30. DSR • Once path set up use it for “awhile” • During this period – no routing overhead • On movement of nodes • Re-establish path • Note: nodes in MANET networks must be willing to act as routers as well as source/destination

  31. DSR - Route Maintenance • No periodic updates from neighbors as found in many routing solutions • Consumes too much energy • Instead • Monitor route and inform sender of any routing problems • Hop-by-hop ack – if a message M is not ACKed after N attempts then the original sender is notified

  32. Variations in Route Maintenance • Use end-to-end ACKS instead • Fix route from point of bad link instead of starting over

  33. Summary - DSR • Designed for MANET networks • Sender determines the complete sequence of nodes (only (dynamically) when needed) • No periodic routing table update messages, but size of message increases as size of network grows (OK for small diameter networks) • Saves power • Adapts (quickly?) to routing changes when hosts move • Required little overhead when hosts do not move • Route lengths are close to optimal • Use same path over and over – nodes will die fast? • Various optimizations have been developed

  34. Ad Hoc On Demand Distance Vector (AODV) • Loop free routes • Repairs broken links • Does not require global periodic routing advertisements • Nodes not in active paths neither maintain any routing information nor exchange periodic routing tables • Nodes discover routes when needed and then routing tables are used • Avoids path length problem of DSR (scales better) • Used for mobile networks

  35. AODV – Route Discovery Y Z S E F B C M L J A G H D K I N Represents a node that has received RREQ for D from S

  36. Route Requests in AODV Y S ->D ? Z S E F B C M L J A G H D K I N Represents transmission of RREQ (hello messages) – only when necessary Keep local routing tables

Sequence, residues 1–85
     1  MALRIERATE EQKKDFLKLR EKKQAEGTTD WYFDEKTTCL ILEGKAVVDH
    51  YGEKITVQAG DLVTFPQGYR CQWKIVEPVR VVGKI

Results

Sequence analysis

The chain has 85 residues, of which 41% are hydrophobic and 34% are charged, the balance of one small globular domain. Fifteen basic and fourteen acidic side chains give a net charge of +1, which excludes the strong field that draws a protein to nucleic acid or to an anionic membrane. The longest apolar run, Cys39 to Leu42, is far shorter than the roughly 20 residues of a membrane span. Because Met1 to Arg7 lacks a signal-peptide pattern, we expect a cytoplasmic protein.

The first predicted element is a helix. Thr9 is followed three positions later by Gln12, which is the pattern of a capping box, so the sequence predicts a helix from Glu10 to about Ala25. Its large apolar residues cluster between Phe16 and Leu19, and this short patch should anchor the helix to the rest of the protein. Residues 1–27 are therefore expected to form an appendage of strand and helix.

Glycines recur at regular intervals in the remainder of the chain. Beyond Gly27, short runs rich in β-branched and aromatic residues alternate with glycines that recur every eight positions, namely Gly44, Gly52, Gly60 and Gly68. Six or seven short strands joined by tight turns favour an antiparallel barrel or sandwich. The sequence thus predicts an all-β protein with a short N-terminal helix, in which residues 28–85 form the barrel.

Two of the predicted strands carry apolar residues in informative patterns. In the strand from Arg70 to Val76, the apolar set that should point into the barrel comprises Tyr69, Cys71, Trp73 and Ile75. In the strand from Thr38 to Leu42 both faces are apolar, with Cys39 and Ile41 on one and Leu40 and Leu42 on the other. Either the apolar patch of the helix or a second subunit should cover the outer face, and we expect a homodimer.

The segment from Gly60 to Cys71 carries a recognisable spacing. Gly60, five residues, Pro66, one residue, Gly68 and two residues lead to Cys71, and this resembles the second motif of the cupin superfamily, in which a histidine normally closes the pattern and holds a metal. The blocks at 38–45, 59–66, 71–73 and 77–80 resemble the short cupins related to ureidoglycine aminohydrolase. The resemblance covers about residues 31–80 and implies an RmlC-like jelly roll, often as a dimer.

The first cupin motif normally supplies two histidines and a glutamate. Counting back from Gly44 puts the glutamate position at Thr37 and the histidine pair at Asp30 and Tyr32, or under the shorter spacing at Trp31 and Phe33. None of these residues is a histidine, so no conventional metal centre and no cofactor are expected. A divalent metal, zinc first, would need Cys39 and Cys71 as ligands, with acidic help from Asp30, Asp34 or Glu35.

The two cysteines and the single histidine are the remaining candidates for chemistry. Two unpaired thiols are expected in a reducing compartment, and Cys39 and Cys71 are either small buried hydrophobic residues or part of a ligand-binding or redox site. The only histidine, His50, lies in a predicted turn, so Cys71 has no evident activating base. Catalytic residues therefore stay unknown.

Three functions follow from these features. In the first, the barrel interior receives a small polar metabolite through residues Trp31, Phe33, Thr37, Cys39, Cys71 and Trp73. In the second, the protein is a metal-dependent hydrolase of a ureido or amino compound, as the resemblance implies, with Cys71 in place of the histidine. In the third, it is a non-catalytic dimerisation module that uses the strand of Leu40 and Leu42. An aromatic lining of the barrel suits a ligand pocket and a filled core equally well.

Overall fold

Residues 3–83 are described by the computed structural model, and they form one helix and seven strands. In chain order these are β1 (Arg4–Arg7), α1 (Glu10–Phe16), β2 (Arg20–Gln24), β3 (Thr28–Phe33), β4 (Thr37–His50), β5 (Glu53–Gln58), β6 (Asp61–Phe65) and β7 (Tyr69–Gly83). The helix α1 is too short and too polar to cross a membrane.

37. Route Requests in AODV Y S ->D ? E, C, B Z S E F B C M L J A G H D K I N Represents links on Reverse Path Created as a packet moves toward destination

  38. Reverse Path Setup in AODV Y Z S E F B C M L J A G H D K I N • Node C receives RREQ from G and H, but does not forward • it again, because node C has already forwarded RREQ once

  39. Reverse Path Setup in AODV Y Z S E F B C M L J A G H D K I N

  40. Reverse Path Setup in AODV Y Z S E F B C M L J A G H D K I N • Node D does not forward RREQ, because node D • is the intended target of the RREQ

  41. Forward Path Setup in AODV Y S->D F S->D E C Z S E F B C M L J A G H D K I N Forward links are setup when RREP travels along the reverse path Represents a link on the forward path

  42. AODV • Nodes not along the path determined by the RREP will timeout (after about 3 sec) and will delete reverse pointers • Is this a general principle for WSN? For mobile networks? • Expiration time for the route table entry (updated after every message)

  43. Route Table Entry Data • Destination • Next hop • Number of hops • Sequence number for destination • To avoid loops • Active neighbors for this route • who will send me packets for this destination (notify them of problem if my link to next hop breaks) • Expiration time for the route table entry • to clean up the table

  44. AODV Route Maintenance2 choices • Periodic hello messages can be used to ensure symmetric links and to detect link failures • Principle? • Upon detection of problem – restart discovery process with increased destination sequence number

  45. DSR vs AODV • DSR – all route information is stored in packet itself, bad for long routes • Dynamic • Set up route and then use for a long time • AODV – route information is in temporary routing tables – only on routes currently in existence • Dynamic • Set up route and then use for a long time

  46. Directed Diffusion • Well known • One of first targeted for WSN • Routing and queries intimately tied together • How many people do you observe in area X? • Give me the temperature reading for the next hour in area Y • Diffuse the query into the sensor network • Query is persistent (until time t) • Must amortize cost of finding route over data delivery (learn good routes)

  47. Directed Diffusion • A Flexible Framework/Paradigm • Allows many choices for various aspects of the “solution” • Remind you of BMAC? (for MAC layer) • This is for routing

  48. Directed Diffusion – Main Parts • Node (e.g., base station) requests data by sending an interest for named data • Data centric routing • Data generated by sensors in response to query is sent in attribute-value pairs • Data matching the interest is drawn towards the requester • Gradients

  49. Directed DiffusionAttribute-Value Pairs 5 attribute value pairs – cache request Type = mammal Value = horse Duration = 3-4 PM Periodic Rate = Y Area = {a,b;c,d} Response might be from node A horse at 3:30 at location x1,y1

  50. Directed Diffusion – Other Features • Intermediate nodes can cache or transform data, e.g., performing data aggregation (application dependent) • Now combine routing, queries, and data aggregation • Biological metaphor (ants and chemical trails) • Form of flooding